Thursday, October 20, 2016

Hand Sanitizers: How Toxic Are They?

Hand sanitizers are very commonly used these days in schools, workplaces, homes, hospitals and other public places such as stores and libraries. In the past, studies have shown that the use of hand sanitizers reduces illnesses in house­holds and universities, and lowers absentee rates in schools. While hand sanitizers have contributed to cleanliness, it is still important to be careful when choosing to use them.
Most hand sanitizers contain ethanol, while some contain isopropyl alcohol. The concentration of alcohol in these products varies from 45% to 95%, with the most commonly used products in the range of 60-65%. In­gestions of toxic amounts of ethanol and isopropyl alcohol produce central nervous system depression ranging from inebriation to coma, vomiting, respiratory depression, hypothermia, hypotension, and hypoglycemia (with ethanol; in infants and children) or hyperglycemia (with isopropyl alcohol) may also occur.

Emails and news stories have surfaced recently alleging that children have developed toxic effects from in­gesting small amounts of hand sanitizers off of their hands. These accounts have resulted in questions to poi­son centers about whether they should be used in schools and other locations where children, and in some cases adults, frequent. While these products can be harmful if children ingest them in large quantities, they are safe when used in the correct amount and for the reason they were made. Most children remain asymptomatic or develop mild symptoms such as oral irritation and gastric upset.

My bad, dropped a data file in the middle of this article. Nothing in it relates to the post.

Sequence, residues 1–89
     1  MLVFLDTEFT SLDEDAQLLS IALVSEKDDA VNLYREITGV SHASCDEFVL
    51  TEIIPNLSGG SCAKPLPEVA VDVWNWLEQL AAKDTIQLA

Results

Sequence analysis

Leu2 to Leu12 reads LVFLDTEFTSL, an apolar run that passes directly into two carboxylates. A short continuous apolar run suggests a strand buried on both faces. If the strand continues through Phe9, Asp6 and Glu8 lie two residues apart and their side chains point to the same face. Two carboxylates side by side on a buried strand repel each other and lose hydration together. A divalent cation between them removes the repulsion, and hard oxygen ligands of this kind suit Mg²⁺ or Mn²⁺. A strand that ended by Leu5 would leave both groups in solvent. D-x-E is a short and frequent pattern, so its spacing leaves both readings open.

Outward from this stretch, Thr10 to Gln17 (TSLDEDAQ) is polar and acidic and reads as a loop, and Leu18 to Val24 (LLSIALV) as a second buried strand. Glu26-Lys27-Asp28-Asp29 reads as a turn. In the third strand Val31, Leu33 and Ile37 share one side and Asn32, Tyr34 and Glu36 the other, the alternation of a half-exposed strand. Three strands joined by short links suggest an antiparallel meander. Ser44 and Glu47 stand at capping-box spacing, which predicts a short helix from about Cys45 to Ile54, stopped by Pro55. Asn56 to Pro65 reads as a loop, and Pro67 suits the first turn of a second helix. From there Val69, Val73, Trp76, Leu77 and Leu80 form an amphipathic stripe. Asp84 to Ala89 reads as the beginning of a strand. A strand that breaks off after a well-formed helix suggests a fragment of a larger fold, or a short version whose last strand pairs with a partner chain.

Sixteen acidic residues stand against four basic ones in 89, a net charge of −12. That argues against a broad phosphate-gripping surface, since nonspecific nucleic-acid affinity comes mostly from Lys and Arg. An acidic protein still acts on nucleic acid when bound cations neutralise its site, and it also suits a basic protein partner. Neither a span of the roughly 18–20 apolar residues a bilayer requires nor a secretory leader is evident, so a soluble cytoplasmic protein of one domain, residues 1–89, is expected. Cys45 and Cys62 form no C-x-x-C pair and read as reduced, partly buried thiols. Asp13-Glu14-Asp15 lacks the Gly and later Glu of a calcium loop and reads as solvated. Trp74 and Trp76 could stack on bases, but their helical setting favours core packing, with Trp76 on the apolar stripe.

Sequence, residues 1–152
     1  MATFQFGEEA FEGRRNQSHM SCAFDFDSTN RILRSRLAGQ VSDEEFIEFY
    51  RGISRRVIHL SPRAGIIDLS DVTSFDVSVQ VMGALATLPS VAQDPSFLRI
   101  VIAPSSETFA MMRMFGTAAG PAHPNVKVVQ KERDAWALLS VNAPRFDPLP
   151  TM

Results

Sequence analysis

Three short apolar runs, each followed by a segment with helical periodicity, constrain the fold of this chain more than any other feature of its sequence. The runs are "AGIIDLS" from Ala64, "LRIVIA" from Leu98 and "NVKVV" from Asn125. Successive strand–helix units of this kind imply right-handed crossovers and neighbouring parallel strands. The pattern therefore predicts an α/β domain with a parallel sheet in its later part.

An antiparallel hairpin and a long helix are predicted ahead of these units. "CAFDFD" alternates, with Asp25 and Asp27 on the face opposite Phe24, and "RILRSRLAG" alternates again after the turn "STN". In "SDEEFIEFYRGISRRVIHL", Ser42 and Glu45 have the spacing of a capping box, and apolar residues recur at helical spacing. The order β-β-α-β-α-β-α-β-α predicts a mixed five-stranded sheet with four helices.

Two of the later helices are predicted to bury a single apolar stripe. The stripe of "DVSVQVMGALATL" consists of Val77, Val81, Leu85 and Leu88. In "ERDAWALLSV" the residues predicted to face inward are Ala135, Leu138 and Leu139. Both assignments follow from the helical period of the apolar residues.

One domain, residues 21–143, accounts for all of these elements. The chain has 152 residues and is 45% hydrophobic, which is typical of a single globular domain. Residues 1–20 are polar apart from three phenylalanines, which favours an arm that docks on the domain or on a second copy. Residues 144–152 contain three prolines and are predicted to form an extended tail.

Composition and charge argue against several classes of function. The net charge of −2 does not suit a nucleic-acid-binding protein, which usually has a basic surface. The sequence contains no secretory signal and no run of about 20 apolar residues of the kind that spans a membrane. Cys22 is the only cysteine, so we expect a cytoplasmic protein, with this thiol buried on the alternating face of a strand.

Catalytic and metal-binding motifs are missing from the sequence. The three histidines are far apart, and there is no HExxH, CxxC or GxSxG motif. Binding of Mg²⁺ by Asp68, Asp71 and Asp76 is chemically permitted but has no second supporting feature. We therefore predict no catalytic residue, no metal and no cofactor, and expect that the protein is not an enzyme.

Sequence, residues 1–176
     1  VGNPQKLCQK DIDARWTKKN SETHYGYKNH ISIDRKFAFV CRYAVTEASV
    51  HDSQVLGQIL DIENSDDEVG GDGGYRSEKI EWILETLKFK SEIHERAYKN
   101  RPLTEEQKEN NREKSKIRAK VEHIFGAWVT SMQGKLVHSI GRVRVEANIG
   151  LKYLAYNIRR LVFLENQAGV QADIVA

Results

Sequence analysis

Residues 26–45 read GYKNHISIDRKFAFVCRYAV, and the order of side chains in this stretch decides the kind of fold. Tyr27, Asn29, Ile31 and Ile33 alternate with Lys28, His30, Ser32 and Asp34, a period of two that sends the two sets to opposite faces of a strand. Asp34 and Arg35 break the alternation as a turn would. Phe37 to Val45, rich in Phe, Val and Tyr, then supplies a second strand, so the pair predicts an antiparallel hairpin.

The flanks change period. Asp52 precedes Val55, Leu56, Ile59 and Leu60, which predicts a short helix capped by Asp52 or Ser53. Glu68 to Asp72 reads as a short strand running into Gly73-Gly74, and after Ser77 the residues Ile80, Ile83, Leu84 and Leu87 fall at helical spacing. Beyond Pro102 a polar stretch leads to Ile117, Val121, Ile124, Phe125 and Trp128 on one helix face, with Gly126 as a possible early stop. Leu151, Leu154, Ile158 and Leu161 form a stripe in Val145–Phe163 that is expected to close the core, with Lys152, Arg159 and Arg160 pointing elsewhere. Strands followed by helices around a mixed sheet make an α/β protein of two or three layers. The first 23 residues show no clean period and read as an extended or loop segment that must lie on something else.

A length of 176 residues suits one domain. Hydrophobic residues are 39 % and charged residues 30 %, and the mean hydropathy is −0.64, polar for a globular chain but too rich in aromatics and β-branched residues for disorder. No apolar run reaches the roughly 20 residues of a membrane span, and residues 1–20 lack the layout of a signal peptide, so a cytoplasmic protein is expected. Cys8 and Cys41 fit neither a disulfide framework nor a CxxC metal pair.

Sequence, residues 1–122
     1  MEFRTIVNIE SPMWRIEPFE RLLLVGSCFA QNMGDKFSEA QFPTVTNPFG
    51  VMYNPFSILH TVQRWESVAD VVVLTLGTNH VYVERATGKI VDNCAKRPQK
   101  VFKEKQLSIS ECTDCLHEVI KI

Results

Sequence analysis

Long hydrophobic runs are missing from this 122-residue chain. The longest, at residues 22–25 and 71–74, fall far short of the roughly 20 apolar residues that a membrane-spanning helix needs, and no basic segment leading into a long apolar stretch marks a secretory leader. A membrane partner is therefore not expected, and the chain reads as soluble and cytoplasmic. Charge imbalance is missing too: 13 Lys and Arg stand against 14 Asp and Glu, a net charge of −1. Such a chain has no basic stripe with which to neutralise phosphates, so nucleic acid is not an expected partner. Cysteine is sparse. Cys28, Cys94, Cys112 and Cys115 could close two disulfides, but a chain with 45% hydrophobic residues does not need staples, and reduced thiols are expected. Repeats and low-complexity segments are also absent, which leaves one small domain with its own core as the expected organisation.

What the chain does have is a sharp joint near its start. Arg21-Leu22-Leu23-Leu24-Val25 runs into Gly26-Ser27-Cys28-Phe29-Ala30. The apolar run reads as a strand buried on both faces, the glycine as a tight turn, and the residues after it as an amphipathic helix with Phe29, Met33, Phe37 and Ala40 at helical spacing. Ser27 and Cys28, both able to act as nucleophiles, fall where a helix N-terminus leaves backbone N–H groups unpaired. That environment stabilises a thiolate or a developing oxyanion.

How much hand sanitizer would be dangerous?
A hand sanitizer pump dispenses approximately 2.5 mL of liquid. If one pump of a 62% ethanol-containing hand sanitizer was ingested by an average two-year-old weigh­ing 15kg, a blood alcohol level of 17.3 mg/dL would be expected, considerably below a toxic level of 80-100 mg/dL. This same child would have to drink approximately 4-5 teaspoonfuls of the sanitizer in order to produce toxic effects that would require medical attention.

If you have any concerns regarding hand sanitizers, please call the Texas Poison Center Network at 1-800-222-1222. They are available 24 hours a day, 7 days a week to answer your calls. These specialists answer poison-related questions about medications, household products and other potentially dangerous substances and can provide poison education materials like brochures and stickers.  Poison information is also available at the Texas Poison Center Network website,


Tuesday, October 11, 2016

Teething Tablet Dangers

When a baby cries out in pain from teething, it is only natural to want to soothe your baby and ease this painful process. While it is normal to want to soothe your baby’s pain, it is important to use safe products to do so. It has recently come to the U.S. Food and Drug Administration’s (FDA) attention that homeopathic teething tablets and gels are not the choice to make when looking to soothe your little one. If you have them in your home, the FDA is asking that you stop using them immediately and dispose of them properly.

Homeopathy is a natural form of medicine used by over 200 million people worldwide to treat both acute and chronic conditions. It is based on the principle of 'like cures like'. In other words, a substance taken in small amounts will cure the same symptoms it causes if it were taken in large amounts.

The teething tablets and gels are used on infants and toddlers and are said to help kids deal with the often painful process of teething. You can easily find them at any CVS, Hyland’s or Walgreen’s. But what makes these teething tablets so dangerous? Despite being able to find them almost anywhere, like many homeopathic items, the products haven’t been assessed or approved by the FDA. Health officials cannot confirm that they are safe or effective.